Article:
One of the most contentious ideas of recent years is that young people today are the victims of systematic intergenerational injustice. In this version of events, the villains are the babyboom generation, who have spent all the money and consumed all the resources, leaving their children and grandchildren with growing debts and rising costs.
In a post for the American Enterprise Institute, Mark Perry has produced a chart which lends some credence to this theory. What it shows is how various prices have risen in the US since 1978. A general measure of inflation indicates an overall rise in prices of 250%. However, over the same period, house prices have gone up by 325%, while the cost of medical services has risen by 575%. Both of these forms of inflation discriminate against the young: house prices for the obvious reasons and healthcare costs because the money borrowed by governments to provide services to the old will have to be repaid by the working age population.
Furthermore, as the chart shows, there's an even steeper upward trend in the cost of being young:
- “The 812% increase in the price of college textbooks since 1978 makes the run-up in house prices and housing bubble (and subsequent crash) in the 2000s seem rather inconsequential, and the nine-fold increase in textbook prices also dwarfs the increase in the cost of medical services over the last three decades. Compared to the 250% increase in the Consumer Price Index (CPI) over the last 34 years, college textbooks have risen more than three times the amount of the average increase for all goods and services.”
You might think that college textbooks are a relatively trivial expense, but (in America, at least) the costs are eye-watering, with many standard texts priced at $200 to $300 each. Furthermore, textbooks are only part of the escalating cost of higher education.
There are all sorts of reasons why getting a degree is getting so expensive. But, if you want a textbook example of what has gone wrong, then you need look no further than the example of textbooks. The argument is taken up by Kevin Carey in an article for Slate:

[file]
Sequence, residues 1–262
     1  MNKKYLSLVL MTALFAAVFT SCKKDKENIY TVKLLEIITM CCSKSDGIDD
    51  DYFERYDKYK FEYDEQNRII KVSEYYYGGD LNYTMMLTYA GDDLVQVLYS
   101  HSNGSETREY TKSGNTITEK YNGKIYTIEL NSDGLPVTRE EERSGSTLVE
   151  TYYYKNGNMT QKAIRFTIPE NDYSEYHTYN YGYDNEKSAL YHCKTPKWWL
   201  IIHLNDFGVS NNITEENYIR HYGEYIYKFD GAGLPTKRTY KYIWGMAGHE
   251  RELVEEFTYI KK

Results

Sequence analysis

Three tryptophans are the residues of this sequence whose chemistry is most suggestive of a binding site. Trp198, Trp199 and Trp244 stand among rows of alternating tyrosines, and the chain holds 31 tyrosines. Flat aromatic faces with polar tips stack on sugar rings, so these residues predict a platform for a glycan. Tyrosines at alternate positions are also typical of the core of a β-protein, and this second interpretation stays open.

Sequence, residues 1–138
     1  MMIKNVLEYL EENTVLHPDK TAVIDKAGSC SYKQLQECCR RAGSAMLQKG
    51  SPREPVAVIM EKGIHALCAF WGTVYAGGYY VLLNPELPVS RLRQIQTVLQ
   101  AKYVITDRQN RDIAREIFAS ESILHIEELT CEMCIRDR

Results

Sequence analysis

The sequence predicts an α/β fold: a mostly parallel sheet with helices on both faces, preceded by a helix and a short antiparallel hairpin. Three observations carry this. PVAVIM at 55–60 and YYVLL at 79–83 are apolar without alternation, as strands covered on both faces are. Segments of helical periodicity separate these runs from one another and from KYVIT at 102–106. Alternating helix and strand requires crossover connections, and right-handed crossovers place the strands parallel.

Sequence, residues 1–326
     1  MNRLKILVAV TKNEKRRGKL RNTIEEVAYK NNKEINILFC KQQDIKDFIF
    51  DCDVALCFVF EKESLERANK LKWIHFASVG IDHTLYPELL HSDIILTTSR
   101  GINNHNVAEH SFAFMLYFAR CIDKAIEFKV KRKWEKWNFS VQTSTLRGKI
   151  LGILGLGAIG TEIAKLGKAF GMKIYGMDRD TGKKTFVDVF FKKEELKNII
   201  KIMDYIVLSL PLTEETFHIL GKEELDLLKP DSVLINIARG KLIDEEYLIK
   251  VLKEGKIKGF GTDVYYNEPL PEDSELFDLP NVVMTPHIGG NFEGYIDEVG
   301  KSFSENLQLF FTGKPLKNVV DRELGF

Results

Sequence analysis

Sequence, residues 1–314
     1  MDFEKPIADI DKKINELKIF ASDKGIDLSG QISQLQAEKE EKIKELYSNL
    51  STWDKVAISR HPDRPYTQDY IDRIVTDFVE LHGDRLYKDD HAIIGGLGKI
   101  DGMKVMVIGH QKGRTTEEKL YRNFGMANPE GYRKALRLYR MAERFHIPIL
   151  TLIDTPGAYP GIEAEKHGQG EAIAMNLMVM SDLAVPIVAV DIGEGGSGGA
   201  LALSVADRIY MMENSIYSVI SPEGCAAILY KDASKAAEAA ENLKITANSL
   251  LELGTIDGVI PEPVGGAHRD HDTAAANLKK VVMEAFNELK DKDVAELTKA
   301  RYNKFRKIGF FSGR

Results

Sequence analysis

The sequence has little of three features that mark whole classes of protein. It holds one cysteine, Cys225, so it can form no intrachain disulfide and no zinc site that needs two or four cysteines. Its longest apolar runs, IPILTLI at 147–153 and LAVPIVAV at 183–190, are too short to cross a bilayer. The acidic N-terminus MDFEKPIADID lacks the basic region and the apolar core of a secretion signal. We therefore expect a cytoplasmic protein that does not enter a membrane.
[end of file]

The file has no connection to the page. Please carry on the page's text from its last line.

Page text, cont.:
- “The college textbook market is unusual in that the person deciding what people should buy—the professor—isn’t the one actually doing the buying. It’s akin to prescription drugs and suffers from many of the same excesses, with large companies vying to protect highly-profitable blockbuster products and employing legions of salespeople to influence the relatively small number of agents who decide what millions of consumers will buy.”
Some might call this a textbook example of ‘market failure’. It is, in fact, more accurately described as market distortion – in that external factors result in a misalignment of incentives and the suppression of competition.
Carey describes how attempts to provide much more affordable access to academic knowledge (much of which is in the public domain) has resulted in a legal counter-attack from the big textbook publishers. Whatever the rights and wrongs of individual cases as the law currently stands, it is clear that policymakers have some important decisions to make more generally.
Governments can either maintain existing legal and regulatory frameworks that preserve the position of the higher education establishment or they can make it easier for new models of provision to breakthrough and drive down prices.